Terry Brennan (no good individual link, but he’s in BELT Band with a couple of the other performers from last night!). I’ve seen Terry in the audience at a number of shows, but never knew his name, or that he was a performer himself. His voice was great last night, so now I know and can again count on LALM for introducing me to new talented people.

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Abby Ahmad put on yet another passionate performance.

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Martin Rivas was the only singer to sing two songs. In addition to killing it with a full band, he returned later to do the only solo, accompanying himself on acoustic guitar.

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Stephanie White’s vocals soared above the music. Incredible power with a laser-like precision. Stephanie was supposed to sing another song late in the set. The entire program ran over by 20 minutes, and Stephanie’s second number was an unfortunate casualty, getting cut at the last minute. You can catch Stephanie as part of Philth Harmonic (a band she’s in with Robbie LaFalce).

StephanieWhite

Crystal Durant is another person we discovered at a LALM show (The Blues Bothers tribute). What a wonderful voice, both lead and background vocals.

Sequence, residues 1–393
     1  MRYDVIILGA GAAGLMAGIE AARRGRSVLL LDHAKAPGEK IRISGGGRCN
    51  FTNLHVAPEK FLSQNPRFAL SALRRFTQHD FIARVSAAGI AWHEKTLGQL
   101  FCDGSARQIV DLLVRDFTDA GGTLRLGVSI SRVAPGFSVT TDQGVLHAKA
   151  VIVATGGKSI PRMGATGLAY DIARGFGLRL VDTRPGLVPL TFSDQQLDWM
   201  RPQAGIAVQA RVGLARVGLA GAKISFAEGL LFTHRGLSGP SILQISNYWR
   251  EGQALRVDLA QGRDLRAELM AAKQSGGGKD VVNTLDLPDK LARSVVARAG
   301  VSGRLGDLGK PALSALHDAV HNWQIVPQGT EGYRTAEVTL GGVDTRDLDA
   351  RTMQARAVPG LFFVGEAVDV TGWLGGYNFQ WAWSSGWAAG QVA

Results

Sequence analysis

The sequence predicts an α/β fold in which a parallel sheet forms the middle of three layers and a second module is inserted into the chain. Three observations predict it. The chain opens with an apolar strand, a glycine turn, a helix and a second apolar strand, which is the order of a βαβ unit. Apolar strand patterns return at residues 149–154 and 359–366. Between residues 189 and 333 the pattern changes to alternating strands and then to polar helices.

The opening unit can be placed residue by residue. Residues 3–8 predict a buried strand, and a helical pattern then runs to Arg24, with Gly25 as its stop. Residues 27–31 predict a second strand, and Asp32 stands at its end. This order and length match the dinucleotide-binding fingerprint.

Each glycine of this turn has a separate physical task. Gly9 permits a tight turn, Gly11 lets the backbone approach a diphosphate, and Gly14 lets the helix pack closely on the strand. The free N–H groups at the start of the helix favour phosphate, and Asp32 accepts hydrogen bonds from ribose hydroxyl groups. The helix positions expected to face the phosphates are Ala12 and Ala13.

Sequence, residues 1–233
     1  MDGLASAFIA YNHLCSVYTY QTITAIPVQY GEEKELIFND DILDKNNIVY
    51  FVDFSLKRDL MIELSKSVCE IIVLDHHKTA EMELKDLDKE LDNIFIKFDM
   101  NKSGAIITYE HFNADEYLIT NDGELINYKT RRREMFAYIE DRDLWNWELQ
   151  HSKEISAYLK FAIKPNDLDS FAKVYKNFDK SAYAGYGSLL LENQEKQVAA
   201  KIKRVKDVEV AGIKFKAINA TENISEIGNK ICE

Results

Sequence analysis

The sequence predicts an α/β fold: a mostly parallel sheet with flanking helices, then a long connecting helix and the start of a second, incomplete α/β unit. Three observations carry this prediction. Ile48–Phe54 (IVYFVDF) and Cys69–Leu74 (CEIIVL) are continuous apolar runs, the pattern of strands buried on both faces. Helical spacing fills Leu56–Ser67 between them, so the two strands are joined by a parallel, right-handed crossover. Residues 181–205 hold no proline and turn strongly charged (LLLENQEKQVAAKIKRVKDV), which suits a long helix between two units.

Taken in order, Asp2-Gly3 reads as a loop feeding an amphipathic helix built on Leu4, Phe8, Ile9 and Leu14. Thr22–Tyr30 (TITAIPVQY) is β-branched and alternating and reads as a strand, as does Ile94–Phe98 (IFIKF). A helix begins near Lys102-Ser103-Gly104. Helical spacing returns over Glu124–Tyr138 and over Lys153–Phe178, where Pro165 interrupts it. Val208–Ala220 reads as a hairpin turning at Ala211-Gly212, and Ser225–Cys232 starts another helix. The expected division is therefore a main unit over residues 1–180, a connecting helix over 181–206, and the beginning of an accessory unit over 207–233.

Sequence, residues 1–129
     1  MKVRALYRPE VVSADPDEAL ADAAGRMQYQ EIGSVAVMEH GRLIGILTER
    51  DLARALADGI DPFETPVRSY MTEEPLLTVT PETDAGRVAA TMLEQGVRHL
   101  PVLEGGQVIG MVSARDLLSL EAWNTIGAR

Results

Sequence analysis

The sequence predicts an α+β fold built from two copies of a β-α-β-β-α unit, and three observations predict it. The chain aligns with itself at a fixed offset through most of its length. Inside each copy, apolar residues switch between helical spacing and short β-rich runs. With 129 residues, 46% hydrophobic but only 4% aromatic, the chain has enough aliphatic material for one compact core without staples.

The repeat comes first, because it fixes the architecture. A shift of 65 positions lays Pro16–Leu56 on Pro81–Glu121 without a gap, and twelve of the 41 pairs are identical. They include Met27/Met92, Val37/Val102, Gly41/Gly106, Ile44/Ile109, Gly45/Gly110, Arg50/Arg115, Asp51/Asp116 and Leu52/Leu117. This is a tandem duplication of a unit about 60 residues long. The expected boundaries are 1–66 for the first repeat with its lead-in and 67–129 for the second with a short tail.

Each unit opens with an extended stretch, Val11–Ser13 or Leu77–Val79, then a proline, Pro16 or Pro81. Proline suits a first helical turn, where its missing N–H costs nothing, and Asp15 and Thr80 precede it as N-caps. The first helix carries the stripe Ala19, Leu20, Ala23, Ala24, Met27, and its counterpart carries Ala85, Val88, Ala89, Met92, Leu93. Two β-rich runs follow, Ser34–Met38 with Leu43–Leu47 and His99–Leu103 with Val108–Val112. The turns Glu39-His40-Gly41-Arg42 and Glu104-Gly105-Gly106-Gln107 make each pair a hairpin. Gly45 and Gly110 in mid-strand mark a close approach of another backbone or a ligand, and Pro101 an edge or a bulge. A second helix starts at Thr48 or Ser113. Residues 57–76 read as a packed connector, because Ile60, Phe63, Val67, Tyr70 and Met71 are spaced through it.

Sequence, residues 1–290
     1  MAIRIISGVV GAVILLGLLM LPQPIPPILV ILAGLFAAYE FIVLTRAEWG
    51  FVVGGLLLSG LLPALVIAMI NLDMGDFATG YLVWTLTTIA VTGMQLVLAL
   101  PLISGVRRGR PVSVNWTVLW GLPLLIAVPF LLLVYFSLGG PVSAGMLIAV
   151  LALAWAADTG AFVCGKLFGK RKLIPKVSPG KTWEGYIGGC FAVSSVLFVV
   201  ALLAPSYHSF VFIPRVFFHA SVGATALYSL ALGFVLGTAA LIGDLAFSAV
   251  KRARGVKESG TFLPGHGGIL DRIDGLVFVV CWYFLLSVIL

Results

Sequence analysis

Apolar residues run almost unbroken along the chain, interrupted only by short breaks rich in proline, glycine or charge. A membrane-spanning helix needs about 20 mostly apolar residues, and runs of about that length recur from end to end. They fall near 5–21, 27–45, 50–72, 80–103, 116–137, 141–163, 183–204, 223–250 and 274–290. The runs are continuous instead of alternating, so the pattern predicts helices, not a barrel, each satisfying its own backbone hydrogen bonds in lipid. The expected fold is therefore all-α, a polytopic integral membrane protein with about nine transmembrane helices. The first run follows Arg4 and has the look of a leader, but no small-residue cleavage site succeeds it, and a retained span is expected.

CrystalDurant

Jared Saltiel was another first for us. He was impressive, but I’m actually liking the music on his site even more, so click the link and check him out. Smile

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Eva Alexander was also new for us. We were both extremely impressed with her voice.

EvaAlexander

Abby Payne is someone we’re very familiar with. In fact, I’ve written (glowingly) about her a number of times in the past few weeks. So, you’d think she couldn’t really surprise me, especially in an extremely positive way. Wrong. Backtracking for a bit. Abby is yet another performer that we discovered at the first Soul Revue. Here’s what I wrote about her lead singing that night: